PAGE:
Only the dead inhabit Glas Galak now, but I find some small comfort in knowing that the name of the traitor Olav Eitherok will be cursed for all time, and that though he is dead, he will never be at peace.

Good grief, Nick is a freaking amazing writer. And what a story.

Next, from Russ Harvey, both a story and a recommendation:
Not sure how far along your fortress is now, so I won’t spoil anything here, but eventually you’re going to come under siege, and it’s going to be painful.

Painful, that is, unless you have patiently hollowed out an auxiliary tunnel from the edge of the mountain all the way to the lava river, bridged the river and chasm with aqueducts, constructed a channel to link it all together, situated a floodgate at the end of the channel, and linked said floodgate to a doomsday lever hidden within your main fortress. Then when the trouble arrives, you merely lock the front doors, cackle madly, and order the lever pulled. Describing the flood of lava which sweeps out to engulf the world as “gratifying” doesn’t really do it justice. You’ll be giggling for hours at the sight of the besiegers (and those slower-of-foot dwarves that didn’t make it inside) vainly attempting to flee from the spreading pool of death.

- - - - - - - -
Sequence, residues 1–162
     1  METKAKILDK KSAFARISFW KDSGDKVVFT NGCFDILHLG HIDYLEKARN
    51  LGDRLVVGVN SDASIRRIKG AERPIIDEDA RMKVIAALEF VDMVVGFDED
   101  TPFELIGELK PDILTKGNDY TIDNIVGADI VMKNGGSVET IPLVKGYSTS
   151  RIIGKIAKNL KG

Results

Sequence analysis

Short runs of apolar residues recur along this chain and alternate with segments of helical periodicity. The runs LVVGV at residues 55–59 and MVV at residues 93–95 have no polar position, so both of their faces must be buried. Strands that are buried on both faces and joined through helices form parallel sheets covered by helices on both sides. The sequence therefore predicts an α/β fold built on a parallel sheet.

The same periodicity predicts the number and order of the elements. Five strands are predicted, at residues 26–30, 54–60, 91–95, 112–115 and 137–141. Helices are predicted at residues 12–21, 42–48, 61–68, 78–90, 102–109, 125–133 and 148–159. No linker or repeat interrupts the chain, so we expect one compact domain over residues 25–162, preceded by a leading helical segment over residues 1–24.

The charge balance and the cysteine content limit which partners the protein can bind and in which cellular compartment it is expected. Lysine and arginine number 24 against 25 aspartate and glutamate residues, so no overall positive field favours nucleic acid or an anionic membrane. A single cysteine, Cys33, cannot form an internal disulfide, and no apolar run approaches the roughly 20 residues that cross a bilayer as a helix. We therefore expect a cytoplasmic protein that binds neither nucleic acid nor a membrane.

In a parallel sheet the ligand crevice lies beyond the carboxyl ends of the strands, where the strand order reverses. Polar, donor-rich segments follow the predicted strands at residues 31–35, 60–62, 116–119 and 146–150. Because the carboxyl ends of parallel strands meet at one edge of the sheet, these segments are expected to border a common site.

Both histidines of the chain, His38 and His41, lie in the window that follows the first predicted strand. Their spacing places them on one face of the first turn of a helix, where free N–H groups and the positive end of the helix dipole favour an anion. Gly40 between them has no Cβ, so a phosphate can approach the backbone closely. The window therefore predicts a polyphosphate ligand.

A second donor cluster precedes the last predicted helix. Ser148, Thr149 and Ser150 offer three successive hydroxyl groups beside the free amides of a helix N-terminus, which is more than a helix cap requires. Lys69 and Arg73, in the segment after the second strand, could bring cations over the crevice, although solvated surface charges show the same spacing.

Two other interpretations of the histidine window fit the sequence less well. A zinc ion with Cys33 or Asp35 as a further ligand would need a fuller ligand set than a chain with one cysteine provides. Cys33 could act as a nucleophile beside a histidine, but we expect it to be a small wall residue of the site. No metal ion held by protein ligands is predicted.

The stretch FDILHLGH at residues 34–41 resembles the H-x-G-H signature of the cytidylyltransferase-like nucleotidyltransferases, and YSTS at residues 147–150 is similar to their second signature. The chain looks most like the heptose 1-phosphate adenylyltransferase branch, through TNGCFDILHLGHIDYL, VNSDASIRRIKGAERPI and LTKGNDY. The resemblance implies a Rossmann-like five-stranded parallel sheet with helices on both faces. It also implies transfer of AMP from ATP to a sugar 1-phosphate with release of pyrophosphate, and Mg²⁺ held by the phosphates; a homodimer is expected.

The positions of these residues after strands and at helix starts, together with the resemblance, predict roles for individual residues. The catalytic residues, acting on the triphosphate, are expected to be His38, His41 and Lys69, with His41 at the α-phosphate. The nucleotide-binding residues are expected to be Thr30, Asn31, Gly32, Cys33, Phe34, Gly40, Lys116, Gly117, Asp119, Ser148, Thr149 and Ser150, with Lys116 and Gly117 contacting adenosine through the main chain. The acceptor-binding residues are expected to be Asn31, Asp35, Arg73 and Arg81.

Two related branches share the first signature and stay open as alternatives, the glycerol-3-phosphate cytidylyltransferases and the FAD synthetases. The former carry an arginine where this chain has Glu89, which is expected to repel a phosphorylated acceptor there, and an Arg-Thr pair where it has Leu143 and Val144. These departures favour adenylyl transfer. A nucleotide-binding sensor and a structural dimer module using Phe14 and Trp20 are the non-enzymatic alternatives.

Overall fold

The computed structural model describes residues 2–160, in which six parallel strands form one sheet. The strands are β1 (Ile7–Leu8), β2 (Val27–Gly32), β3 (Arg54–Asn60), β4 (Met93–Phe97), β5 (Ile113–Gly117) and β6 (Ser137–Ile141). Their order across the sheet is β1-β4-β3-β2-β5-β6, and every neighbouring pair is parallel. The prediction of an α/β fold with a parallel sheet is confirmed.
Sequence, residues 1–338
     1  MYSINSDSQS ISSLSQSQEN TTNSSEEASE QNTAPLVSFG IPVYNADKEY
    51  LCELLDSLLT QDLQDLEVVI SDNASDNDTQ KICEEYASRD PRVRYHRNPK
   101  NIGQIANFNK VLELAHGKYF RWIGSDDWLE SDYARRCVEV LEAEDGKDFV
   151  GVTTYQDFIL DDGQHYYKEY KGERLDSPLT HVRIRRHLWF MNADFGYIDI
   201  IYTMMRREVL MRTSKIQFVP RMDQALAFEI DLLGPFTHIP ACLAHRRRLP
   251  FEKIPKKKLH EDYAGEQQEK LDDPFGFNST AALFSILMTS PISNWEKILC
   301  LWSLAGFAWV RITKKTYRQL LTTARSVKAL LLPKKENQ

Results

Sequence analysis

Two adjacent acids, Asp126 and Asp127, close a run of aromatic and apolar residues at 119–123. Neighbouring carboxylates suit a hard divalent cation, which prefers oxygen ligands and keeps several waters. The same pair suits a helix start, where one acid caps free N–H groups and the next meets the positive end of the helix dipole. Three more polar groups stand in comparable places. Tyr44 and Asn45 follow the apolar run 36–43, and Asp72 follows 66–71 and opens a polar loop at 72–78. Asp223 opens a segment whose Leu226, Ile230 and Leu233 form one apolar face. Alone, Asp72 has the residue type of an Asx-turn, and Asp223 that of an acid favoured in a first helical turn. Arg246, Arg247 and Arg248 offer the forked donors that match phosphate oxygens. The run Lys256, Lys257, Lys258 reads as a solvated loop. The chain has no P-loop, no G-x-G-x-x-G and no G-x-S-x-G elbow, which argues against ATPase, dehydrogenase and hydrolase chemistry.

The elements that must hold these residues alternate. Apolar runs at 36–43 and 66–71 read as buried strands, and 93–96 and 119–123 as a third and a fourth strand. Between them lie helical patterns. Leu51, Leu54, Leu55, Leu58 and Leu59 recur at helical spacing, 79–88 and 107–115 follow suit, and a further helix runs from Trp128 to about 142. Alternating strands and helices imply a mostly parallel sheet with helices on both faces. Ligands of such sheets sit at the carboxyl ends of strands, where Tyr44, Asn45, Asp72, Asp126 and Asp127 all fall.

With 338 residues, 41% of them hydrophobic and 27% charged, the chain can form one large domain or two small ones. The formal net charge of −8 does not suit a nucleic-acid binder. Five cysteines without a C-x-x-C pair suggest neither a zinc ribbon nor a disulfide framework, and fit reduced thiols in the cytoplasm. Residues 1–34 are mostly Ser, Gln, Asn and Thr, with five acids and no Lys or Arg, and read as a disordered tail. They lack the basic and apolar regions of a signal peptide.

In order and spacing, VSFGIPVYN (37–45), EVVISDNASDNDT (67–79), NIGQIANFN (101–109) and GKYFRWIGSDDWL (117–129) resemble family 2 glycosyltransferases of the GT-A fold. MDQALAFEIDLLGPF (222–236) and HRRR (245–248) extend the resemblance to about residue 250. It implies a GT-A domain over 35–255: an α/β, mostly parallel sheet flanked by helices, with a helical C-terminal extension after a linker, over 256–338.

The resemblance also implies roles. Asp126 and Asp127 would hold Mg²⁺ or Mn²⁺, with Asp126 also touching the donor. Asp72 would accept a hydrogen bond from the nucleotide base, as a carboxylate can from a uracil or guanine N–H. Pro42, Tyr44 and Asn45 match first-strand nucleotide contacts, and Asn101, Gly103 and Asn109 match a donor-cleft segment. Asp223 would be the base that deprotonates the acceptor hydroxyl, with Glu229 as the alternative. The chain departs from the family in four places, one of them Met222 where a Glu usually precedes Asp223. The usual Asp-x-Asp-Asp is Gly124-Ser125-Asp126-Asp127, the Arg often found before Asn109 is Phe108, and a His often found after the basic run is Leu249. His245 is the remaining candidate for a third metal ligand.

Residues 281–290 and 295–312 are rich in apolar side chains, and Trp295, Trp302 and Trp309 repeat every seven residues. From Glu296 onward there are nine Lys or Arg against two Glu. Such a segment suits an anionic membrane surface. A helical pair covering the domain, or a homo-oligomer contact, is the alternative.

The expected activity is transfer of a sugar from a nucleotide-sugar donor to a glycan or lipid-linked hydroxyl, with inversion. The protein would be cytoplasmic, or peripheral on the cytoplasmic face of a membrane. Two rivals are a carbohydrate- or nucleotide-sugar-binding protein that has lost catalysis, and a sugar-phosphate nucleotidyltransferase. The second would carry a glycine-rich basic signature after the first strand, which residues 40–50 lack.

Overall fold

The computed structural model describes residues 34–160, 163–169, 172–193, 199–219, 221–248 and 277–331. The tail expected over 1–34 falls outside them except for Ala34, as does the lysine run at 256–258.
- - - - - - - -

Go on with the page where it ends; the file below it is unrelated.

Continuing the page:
I lost around 30 dwarves in its construction. The results were worth every smoking corpse.

Russ Harvey: evil overlord for hire. Reasonable rates.

Next, from Kel Woodbury:
So I'm going along and things are going well. People are busily preparing food and drinks for the first winter when all of a sudden lizardmen attack! Since at this point I didn't really know what I'm doing, I just observe to see what happens. My 2 war dogs attack them and take down a couple and then die. So much for this settlement having dogs. The lizardmen also get into a fight with some dwarves and the miner and carpenter handily cut them down.

I check things out after the battle and see bits of lizardmen and dwarf on the ground and someone's... lower left leg?

Then I see the poor guy and he's in a lot of pain, so he hobbles off to a bed where he remains mostly unconscious for a year.

Then it happens: he's taken by a fell mood.

Not sure what this is about, I curiously watch him hobble down the hallway to the workshop area and take over the butchery. He then proceeds to hobble around the base looking for what I don't know. Then, suddenly, he kills someone. I am laughing so hard because here's this guy possessed by who knows what hobbling down my corridor and then he kills someone as they run by. He proceeds to take their corpse to the butchery and begins working on something. What the heck is he making out of another dwarf? Unfortunately, the crippled guy is in so much pain he falls unconscious a lot and works during his short conscious periods. It takes him about 2 YEARS to finish the, erm, dwarf bone chain armor. And now he is a legendary bonecrafter. He walks back to the bed and collapses, where he remains there for another year till he dies.